Stream Wars 2: Revenge of the Beat

How much of your time I need: 3 minutes

This article originally appeared in The Florida Basement, the former Swamp Records Gainesville-based blog. Great name.

In February of this year an article was published where I evaluated the growing influence of streaming companies on the music industry, particularly distribution. This came on the heels of Kanye West’s The Life of Pablo, which was initially released only on Jay Z’s Tidal service, and it appears that since then many other artists have taken West’s move to heart. And no, we’re not talking about Tidal exclusives here, even though Lemonade was a massive success for the service. On that front, I had my story was right. Elsewhere, the tale moves on.

Spotify and Soundcloud received their props from me for a job well done, but a new titan is not just on the horizon, commanding respect. It is descending down into the dramatically portrayed valley of embattled artists like Gandalf in the glittering sunlight of dawn, with a thousand Rohirrim at his back. The savior of independent release is apparently the big kahuna itself, Apple. Its streaming platform, Apple Music, has recently released two relatively high-profile hip hop projects, Chance the Rapper’s Coloring Book and now Frank Ocean’s long-anticipated Blonde. Both are seeing a great deal of success, but Ocean’s release has catapulted Apple Music to as-yet uncharted territory, both in terms of success and competition.

Streaming services have already begun taking shots at one another as a result, with Spotify recently announcing a new policy to withhold certain playlist or promotional privileges to exclusive releases on other platforms. No one can argue that isn’t within their right, especially as one of the industry’s juggernauts. Previously artists would — bear with me a moment here — make their music available on every platform on the day of its release. Already this strikes me as an idea that burned too brightly for some, quickly fading into darkness. The process was unrefined, barely a decade old, but for the consumer, it worked. You could effectively find what you wanted to listen to, whether you were paying for it, building a playlist, or listening casually. But in that decade much of the world has begun to look inward at itself, and that includes the domain of streaming.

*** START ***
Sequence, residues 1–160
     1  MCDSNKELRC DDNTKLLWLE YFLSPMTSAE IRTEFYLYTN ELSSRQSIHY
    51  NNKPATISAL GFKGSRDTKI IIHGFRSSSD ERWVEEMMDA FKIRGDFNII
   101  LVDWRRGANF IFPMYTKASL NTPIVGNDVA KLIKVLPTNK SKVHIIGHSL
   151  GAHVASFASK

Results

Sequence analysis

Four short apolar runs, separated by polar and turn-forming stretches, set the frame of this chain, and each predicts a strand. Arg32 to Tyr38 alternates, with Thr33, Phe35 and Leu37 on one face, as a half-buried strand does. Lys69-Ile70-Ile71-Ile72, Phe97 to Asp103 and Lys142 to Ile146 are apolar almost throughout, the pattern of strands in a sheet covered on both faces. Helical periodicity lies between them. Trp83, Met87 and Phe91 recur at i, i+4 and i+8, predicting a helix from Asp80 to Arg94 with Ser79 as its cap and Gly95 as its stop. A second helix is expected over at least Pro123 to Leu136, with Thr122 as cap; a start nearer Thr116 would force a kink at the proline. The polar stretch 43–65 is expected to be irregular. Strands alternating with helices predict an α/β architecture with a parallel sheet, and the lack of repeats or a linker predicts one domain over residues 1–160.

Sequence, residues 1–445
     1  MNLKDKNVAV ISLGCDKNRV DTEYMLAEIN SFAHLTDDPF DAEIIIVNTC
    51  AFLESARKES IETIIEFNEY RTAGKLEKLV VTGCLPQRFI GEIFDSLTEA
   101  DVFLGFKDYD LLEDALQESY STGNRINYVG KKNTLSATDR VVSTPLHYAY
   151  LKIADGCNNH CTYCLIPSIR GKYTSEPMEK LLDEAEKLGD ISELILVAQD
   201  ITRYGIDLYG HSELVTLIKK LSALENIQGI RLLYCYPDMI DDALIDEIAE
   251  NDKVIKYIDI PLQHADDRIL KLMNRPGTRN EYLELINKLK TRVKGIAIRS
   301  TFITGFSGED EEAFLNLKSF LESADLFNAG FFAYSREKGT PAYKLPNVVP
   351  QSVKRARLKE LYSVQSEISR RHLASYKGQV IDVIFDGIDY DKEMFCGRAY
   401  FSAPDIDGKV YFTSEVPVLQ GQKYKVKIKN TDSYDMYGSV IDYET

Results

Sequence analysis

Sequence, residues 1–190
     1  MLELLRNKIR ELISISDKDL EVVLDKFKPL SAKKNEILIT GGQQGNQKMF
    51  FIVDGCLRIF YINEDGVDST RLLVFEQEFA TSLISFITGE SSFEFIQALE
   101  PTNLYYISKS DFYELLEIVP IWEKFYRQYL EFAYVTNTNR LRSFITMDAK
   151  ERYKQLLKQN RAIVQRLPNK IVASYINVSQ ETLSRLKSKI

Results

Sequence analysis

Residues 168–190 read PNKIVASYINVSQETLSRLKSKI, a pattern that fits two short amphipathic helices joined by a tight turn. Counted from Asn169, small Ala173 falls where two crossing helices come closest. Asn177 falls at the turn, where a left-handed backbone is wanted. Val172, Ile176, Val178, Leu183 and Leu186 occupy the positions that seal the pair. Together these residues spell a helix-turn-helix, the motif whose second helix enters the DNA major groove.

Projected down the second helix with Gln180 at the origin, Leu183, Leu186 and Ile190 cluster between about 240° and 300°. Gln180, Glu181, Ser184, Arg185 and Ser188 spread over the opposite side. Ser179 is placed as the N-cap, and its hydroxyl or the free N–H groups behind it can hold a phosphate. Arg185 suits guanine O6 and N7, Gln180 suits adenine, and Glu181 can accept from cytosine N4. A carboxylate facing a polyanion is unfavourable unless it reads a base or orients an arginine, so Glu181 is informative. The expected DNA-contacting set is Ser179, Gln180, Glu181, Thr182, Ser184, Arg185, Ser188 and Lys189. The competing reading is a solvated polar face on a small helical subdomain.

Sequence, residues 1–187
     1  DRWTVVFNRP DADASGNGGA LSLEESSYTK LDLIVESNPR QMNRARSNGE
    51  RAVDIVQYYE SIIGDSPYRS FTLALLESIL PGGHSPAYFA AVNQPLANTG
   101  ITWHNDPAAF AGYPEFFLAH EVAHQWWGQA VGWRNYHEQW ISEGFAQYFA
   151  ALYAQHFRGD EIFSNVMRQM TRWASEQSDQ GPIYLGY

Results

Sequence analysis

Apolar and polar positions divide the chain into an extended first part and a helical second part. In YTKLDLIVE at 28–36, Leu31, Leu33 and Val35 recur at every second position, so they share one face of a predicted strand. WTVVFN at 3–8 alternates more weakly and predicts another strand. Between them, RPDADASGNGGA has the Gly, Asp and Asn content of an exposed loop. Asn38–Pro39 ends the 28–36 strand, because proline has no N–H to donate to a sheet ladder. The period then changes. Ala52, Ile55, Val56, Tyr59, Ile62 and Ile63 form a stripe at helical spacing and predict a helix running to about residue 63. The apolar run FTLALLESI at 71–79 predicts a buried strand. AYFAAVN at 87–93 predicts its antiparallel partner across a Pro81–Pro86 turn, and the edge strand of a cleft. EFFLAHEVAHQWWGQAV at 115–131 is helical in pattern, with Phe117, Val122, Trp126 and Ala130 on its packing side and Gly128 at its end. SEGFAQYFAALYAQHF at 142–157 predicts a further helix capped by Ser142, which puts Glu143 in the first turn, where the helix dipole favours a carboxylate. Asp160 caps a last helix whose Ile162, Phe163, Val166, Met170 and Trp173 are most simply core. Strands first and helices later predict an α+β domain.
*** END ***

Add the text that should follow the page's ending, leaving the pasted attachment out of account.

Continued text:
The platform exclusivity question is one that revolves around a zero-sum appraisal of the music industry, where sheer amount of streams, coupled with artist’s revenue, defines an entity’s worth. These same zero-sum, “I demand unreasonable power” appraisals have fueled some of the greatest and unquestionably wasteful struggles in western history, including: the horrifying prisoner’s dilemma many of us endured learning economics, HBO trying to get people to stop pirating Game of Thrones by demanding they purchase cable, and most poignantly, any time anyone has ever seriously told you might actually makes right. The loser in the short run of all of these scenarios is invariably the person arguing from the position of weakness, otherwise known as the consumer. We have very little say in moves of the great game, and voting with our dollar seems less and less important in a world where online services reach far beyond individual countries.

Artists deserve compensation for their work. But in this new model, should consumers be the ones who pay for it, month in, month out? Apple Music seeks initial exclusive licensing because the spike in user count and advertisement an exclusive product brings. This worked extremely well for Tidal, but the process has no staying power without guaranteeing AAA releases every month. The precipitous drop that followed indicates many consumers are completely unwilling to play.

The short- and medium-term effects of the artist-industry power struggle sees artists falsely equating turning their back on shitty record labels with turning their back on shitty streaming services, this process supposedly providing a grain of independence. But chaining their music to a specific streaming service is not freedom by any means. Rather, it will force them to dance for a completely different entity, even if that isn’t the case right now. The pressure to perform both well and often will still be high, and only a few artists such as Frank Ocean will be able to avoid that call. And beyond that, it requires their fans to delineate their interests accordingly, determining which and how many streaming services are worth paying for. It seems as the war rages on, either only one service will be left standing, or the process will become so fractured it only drives consumers away from the gladiatorial proceedings entirely.

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